Turtle liberations in Tayrona

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During the 16th century, the European conquest of the Caribbean decimated the population of sea turtles. The arrival of galleons with buccaneers and settlers made turtles the preferred animal to have onboard. Turtle meat and their eggs provided protein and their natural oils were used for cooking and to fuel lamps. Turtles became a delicacy in Europe resulting in thousands being shipped across the Atlantic. It is estimated that pre-Columbus, 660 million green sea turtles lived in the Caribbean.

Of the seven existing turtle species four of them lay their precious cargo on the beaches of the Colombian Caribbean coast: Leatherback, Loggerhead, Hawksbill and Green turtle; each laying between 80 to 160 eggs per clutch. Approximately only one out of 1000 eggs survive into adulthood and this is quite an achievement owing to the long list of obstacles they must face: including natural predation, poaching, beach erosion caused by coastal development; accidental catches in commercial fishing, and the degradation of habitat caused by water pollution and artificial lighting.

In 1999, marine biologists working in Santa Marta began documenting the decrease in nesting females in the Tayrona National Park and with the support of biologist Aminta Jauregui launched the conservation program Programa de Conservación de Tortugas y Mamíferos Marinos (ProCTMM).

With help from environmental agencies, Petrobras, the Don Diego Fishermen Committee and schools in Santa Marta, the purpose of the initiative is to research and document the seasons and specific locations of turtle nesting, as well as monitor the increase in the number of juveniles within a close habitat.

During nesting season, which runs from April to late August, the conservationists get help from fishermen who ply their trade near the Don Diego River, as well as volunteers who want to protect these endangered turtles and their nests. Once the hatchlings are born, they are transferred to the Mundo Marino aquarium in Santa Marta.

If nesting conditions are not ideal, the eggs are placed in portable incubators, which are left on the beach, or transferred to the aquarium where the turtles are born. The neonates are placed under professional and technical care for the next 8 to 12 months. They are only released, states marine biologist Carmen Lucia Noriega, once they have reached a certain height and weight.

With constant supervision of turtle eggs, earlier this year some 300 Loggerhead juveniles were released back into the wild near Tayrona National Park and part of the Introducción al Medio Natural de Juveniles de Tortugas Marinas event.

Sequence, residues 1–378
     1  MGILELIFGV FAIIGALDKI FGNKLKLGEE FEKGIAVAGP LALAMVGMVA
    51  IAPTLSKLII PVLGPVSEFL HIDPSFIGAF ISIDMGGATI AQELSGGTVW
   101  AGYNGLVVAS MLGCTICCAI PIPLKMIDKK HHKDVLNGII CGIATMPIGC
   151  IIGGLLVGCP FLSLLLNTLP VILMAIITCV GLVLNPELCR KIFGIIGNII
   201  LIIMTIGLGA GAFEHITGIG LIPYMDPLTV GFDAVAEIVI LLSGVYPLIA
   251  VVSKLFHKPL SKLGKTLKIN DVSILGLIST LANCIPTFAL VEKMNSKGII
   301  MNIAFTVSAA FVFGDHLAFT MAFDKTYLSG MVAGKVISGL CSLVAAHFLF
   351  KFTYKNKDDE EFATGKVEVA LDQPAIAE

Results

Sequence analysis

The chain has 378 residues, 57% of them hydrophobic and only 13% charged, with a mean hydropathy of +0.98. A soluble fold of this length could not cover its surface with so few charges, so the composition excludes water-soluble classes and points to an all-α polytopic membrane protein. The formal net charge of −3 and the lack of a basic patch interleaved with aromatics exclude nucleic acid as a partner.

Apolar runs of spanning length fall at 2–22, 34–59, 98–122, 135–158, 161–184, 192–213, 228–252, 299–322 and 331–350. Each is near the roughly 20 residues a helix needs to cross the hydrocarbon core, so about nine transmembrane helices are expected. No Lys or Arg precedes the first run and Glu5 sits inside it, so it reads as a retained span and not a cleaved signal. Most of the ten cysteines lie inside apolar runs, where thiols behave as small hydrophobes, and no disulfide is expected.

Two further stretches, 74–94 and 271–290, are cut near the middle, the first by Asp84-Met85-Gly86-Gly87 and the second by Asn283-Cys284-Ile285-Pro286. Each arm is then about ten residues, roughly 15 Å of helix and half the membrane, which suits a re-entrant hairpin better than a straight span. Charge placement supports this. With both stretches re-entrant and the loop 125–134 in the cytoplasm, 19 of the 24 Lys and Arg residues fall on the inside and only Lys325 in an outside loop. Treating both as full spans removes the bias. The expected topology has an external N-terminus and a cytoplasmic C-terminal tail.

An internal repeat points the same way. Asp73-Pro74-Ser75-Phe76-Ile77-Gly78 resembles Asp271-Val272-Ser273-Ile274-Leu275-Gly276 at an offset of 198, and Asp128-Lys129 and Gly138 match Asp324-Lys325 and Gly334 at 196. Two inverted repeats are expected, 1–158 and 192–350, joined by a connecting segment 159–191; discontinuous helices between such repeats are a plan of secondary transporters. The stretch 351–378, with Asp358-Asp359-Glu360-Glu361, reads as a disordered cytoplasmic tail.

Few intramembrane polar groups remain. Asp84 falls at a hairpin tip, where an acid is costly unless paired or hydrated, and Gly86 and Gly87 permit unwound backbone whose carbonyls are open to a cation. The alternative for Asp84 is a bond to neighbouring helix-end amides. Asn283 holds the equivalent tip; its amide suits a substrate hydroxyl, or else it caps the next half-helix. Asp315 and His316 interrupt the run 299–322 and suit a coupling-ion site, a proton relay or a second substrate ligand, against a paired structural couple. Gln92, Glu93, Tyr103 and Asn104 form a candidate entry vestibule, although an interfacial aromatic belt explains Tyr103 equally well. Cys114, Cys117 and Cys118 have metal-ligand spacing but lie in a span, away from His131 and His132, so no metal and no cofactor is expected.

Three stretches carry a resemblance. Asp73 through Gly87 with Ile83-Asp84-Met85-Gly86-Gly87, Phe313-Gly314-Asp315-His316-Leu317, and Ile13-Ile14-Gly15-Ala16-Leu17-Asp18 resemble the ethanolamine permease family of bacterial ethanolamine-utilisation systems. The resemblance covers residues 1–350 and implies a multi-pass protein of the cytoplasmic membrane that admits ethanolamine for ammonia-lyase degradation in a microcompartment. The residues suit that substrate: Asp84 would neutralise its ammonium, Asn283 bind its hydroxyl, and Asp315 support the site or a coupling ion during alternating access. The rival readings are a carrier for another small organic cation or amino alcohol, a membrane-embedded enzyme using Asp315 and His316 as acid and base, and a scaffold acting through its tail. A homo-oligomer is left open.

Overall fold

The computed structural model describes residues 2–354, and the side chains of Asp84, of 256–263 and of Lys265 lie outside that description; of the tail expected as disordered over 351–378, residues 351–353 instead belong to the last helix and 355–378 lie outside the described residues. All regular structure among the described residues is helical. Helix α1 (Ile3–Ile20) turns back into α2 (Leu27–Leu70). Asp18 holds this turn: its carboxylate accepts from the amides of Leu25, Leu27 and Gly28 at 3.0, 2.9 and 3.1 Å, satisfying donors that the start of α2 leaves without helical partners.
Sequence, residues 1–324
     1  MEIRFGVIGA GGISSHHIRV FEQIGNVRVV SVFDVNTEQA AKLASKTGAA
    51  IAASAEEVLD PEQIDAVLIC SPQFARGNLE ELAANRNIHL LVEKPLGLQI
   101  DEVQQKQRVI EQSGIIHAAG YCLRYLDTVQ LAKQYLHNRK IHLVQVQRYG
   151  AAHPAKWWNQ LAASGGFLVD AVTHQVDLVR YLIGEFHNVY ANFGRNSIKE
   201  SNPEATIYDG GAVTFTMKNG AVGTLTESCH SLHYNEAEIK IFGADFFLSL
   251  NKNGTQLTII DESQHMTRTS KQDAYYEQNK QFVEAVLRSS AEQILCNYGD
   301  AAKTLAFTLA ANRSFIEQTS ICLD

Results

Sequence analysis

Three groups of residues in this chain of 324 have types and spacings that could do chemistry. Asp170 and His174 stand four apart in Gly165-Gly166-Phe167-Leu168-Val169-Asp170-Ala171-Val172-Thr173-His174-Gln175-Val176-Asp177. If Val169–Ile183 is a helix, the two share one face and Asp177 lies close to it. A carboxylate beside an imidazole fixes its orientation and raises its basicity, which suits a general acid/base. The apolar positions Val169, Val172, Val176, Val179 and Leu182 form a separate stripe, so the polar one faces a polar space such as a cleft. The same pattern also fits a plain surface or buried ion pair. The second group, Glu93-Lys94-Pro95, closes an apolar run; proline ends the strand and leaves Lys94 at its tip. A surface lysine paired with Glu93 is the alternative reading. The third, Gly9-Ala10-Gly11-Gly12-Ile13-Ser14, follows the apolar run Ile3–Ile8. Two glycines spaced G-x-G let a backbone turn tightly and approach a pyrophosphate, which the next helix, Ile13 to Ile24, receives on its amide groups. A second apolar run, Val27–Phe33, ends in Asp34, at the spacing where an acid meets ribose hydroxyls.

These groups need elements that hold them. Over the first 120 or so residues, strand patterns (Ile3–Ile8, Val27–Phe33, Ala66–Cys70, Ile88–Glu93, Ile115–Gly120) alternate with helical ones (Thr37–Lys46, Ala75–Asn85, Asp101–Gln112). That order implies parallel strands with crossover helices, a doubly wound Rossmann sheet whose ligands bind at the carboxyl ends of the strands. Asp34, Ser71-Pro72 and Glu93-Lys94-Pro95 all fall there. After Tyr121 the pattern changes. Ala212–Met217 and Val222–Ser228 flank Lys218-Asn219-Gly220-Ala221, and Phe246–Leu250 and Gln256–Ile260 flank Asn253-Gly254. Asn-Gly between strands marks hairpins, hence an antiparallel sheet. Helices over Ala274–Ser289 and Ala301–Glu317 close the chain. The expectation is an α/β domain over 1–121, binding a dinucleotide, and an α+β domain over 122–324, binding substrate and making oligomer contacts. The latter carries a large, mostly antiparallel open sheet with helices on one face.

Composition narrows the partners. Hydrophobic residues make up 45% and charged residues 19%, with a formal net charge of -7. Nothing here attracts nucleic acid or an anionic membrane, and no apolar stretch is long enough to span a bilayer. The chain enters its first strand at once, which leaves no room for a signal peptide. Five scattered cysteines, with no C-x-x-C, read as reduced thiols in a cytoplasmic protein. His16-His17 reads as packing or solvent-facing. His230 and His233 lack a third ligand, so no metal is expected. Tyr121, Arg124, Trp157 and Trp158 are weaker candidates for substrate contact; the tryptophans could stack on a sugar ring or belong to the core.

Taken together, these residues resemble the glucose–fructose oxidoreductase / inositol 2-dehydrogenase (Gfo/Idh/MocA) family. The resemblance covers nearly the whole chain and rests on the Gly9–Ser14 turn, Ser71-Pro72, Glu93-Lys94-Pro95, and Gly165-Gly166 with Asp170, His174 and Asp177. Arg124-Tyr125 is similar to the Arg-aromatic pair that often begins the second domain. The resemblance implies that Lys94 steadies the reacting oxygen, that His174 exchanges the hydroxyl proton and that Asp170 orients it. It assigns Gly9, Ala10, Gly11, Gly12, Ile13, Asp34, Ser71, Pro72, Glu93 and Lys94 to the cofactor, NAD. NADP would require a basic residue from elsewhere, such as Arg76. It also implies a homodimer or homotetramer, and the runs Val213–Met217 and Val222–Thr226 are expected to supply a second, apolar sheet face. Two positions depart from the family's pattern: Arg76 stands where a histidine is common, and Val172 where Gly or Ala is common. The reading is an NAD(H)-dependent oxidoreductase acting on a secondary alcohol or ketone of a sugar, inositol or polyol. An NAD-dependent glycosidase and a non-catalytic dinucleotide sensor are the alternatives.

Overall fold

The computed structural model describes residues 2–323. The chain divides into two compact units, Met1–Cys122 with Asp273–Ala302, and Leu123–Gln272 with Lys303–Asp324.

The process is relatively simple. Turtles are taken from gigantic tanks and placed on the beach. This allows their natural instincts to awaken and for females to familiarize themselves with their new location. Females faithfully return to a general area where they were born in order to lay their eggs. Each released turtle is marked allowing locals to report the code if a turtle is found or injured. Additionally, four turtles equipped with satellite transmitters have also been introduced back into the wild this year allowing marine biologists to track their migratory routes.

The Programa de Conservación de Tortugas is an example of how technology with acts of altruism can work to protect an endangered reptile. This project however is only the beginning, as it is essential for locals and tourists to be aware of the turtles which inhabit Tayrona to ensure they can start a new life in a clean and safe environment.

Involving the community in the process has been essential for the success of the Conservation Program and not undermine an initiative which can be replicated in other coastal areas of the country. Efforts to release turtles back into the wild also take place every year in Nuquí and Bahía Solano along the Pacific coast.

Teaching children a simple fact of how our actions affect the environment is also vital to the success of any conservation program and living up to this has been the Colegio Los Manglares in Santa Marta. Through active participation, the students learn that conservation goes hand in hand with building awareness and education- mainly about the effect plastic has on the marine ecosystems. “Miss, I saved a turtle” is the usual response from a student during the routine collecting of rubbish on the local beaches. The 50,000 visitors to the aquarium and the various educational and environmental campaigns associated with this program have also helped promote awareness.

Jane Goodall was quoted saying: “what you do makes a difference, and you have to decide what kind of difference you want to make”. In a country where turtle meat remains an ingredient in local dishes along the coast, and their shells sold a “souvenirs”, the Santa Marta initiative is a good way to begin in order to help our turtles repopulate and reclaim their rightful place in our oceans.

 

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